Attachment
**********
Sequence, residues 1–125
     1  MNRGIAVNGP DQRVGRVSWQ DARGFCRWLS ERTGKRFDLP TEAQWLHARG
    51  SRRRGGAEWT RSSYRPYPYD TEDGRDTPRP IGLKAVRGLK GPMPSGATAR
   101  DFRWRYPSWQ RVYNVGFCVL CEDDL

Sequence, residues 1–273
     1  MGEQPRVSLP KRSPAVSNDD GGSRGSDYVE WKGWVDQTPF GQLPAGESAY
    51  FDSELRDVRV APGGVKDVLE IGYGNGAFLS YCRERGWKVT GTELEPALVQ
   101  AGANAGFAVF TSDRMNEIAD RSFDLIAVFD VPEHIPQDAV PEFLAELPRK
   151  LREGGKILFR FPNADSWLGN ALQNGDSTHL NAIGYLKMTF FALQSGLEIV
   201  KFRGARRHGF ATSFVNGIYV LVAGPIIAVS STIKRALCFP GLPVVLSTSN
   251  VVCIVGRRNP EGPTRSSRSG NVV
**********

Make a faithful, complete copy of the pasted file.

Sequence, residues 1–125
     1  MNRGIAVNGP DQRVGRVSWQ DARGFCRWLS ERTGKRFDLP TEAQWLHARG
    51  SRRRGGAEWT RSSYRPYPYD TEDGRDTPRP IGLKAVRGLK GPMPSGATAR
   101  DFRWRYPSWQ RVYNVGFCVL CEDDL

Sequence, residues 1–273
     1  MGEQPRVSLP KRSPAVSNDD GGSRGSDYVE WKGWVDQTPF GQLPAGESAY
    51  FDSELRDVRV APGGVKDVLE IGYGNGAFLS YCRERGWKVT GTELEPALVQ
   101  AGANAGFAVF TSDRMNEIAD RSFDLIAVFD VPEHIPQDAV PEFLAELPRK
   151  LREGGKILFR FPNADSWLGN ALQNGDSTHL NAIGYLKMTF FALQSGLEIV
   201  KFRGARRHGF ATSFVNGIYV LVAGPIIAVS STIKRALCFP GLPVVLSTSN
   251  VVCIVGRRNP EGPTRSSRSG NVV